Many international conflicts, however, are small, and many large conflicts begin as small ones. In many small conflicts, it is very difficult to determine which country changed the status quo first. If a country wants to exploit its nuclear weapons in a small conflict or in an escalation of a small conflict into a larger one, it would be very difficult to distinguish compellence from deterrence. A country could launch a conventional attack against its adversary and use its possession of nuclear weapons to dissuade a conventional counterattack. In this case, nuclear weapons seem to play a deterrent role if one looks at only the second step in conflict. Yet, one could argue that nuclear weapons play a compellent role in the context of the whole process. The Chinese believe that nuclear deterrence and compellence are not distinguishable if the influence of nuclear weapons is applied to small conflicts or the escalation of such conflicts.
The Chinese translation of “deterrence” is “weishe,” but “weishe” actually means “coercion” in Chinese. This is not a translation error. It comes from the Chinese philosophy of holism. The Chinese worry about the compellent effects that are naturally associated with some policies that are labeled as “nuclear deterrence.” A nuclear policy reserving the possibility of using nuclear weapons in response to conventional conflicts could encourage and support conventional aggression aiming to change the status quo. Such a policy actually represents nuclear compellence rather than deterrence. If nuclear weapons were used only in retaliation for nuclear attacks, the compellent roles of these weapons would be significantly reduced. This is why the Chinese government criticizes “nuclear deterrence based on first use of nuclear weapons.”
An arms race could be driven by concerns about a weakening of national security or influence in one side or in both sides of a pair of adversaries. If each of two rivals wants more nuclear weapons to better protect itself against attacks from the other side, this is an arms race due to the security dilemma. If each side wants more nuclear weapons to support its bid for leadership in the world, this is an arms race for hegemony. When Americans talk about an arms race, it is usually about the security dilemma; when the Chinese talk about an arms race, it is always about global hegemony. In Chinese eyes, the nuclear arms race between the Soviet Union and the United States during the Cold War was driven mainly by the two countries’ ambitions for global hegemony.
When China explains its self-constraint with regard to the growth of its nuclear weapons stockpile, it always pledges that it will not engage in an arms race with other countries. By that, China means that it will not seek to amass a large nuclear arsenal for the purpose of global hegemony.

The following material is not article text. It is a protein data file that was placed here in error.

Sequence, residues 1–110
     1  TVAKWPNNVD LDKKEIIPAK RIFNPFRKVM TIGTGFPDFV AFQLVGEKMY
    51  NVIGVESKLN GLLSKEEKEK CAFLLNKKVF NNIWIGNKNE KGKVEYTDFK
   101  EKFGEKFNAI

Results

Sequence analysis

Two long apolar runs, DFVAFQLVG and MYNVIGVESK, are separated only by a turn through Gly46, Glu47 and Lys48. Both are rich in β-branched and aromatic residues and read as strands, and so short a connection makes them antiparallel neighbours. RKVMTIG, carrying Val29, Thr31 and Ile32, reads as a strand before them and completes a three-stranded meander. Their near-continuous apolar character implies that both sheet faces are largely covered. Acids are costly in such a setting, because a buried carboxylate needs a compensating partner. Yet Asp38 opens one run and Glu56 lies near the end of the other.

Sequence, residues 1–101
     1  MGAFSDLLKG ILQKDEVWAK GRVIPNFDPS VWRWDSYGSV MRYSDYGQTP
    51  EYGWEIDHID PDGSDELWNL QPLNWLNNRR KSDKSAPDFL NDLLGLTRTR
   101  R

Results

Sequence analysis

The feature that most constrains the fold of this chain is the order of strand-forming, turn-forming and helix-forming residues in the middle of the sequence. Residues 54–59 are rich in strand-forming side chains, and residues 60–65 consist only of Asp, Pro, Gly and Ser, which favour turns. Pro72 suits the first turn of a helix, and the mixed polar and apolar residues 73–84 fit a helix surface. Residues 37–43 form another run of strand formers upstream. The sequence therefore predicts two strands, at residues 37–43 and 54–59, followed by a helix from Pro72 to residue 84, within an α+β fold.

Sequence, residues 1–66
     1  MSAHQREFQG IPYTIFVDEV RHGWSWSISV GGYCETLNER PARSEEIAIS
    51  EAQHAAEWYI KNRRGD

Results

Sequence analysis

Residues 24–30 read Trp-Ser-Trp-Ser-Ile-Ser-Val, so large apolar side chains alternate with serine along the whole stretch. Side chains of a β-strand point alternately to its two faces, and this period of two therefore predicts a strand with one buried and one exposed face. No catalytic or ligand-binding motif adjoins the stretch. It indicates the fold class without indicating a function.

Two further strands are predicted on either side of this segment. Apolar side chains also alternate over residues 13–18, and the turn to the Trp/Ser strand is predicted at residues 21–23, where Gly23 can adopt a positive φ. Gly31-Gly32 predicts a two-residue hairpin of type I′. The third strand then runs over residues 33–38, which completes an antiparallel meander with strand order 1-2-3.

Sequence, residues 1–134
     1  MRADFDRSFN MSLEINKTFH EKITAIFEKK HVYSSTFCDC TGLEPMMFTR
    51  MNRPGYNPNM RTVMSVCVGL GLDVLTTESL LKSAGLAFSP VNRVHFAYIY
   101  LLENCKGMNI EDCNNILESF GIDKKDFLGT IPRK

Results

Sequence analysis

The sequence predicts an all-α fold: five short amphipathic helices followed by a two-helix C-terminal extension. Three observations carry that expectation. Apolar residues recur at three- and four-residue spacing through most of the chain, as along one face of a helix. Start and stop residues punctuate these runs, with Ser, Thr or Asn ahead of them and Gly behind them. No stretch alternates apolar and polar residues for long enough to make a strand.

Yet, if China sees the development of new strategic capabilities in other countries undermining its nuclear retaliatory capability, it certainly will consider the option of deploying more nuclear weapons. For example, one option for China to respond to growing U.S. missile defense capabilities is to develop more offensive missiles. If such a quantitative missile competition took place between China and the United States, it would be an arms race due to a security dilemma. The Chinese commitment rules out a strategy of nuclear growth for global hegemony, but it does not exclude a strategy of nuclear growth to respond to a security dilemma.
The two types of arms races mentioned above are different in their natures. An arms race for global hegemony always includes quantitative competitions. A country that has the goal of global hegemony cannot accept a larger strategic nuclear arsenal in any other country. In contrast, an arms race due to the security dilemma does not have to include quantitative competition. A small and survivable nuclear force is enough for the purpose of security.
This is why China feels comfortable with the small size of its nuclear arsenal. Its responses to new strategic capabilities in other countries do not have to involve an increase in the size of the arsenal if available countermeasures are smart and cheap. Chinese nuclear experts worry about new strategic capabilities in the United States, including missile defense and the ability to deliver precision conventional strikes, but the choices of countermeasures are still open. One option for China is a moderate increase in the number of its offensive missiles to compensate for the loss of its nuclear retaliatory capability, but Beijing has pledged not to pursue quantitative nuclear parity with United States for the purpose of hegemony.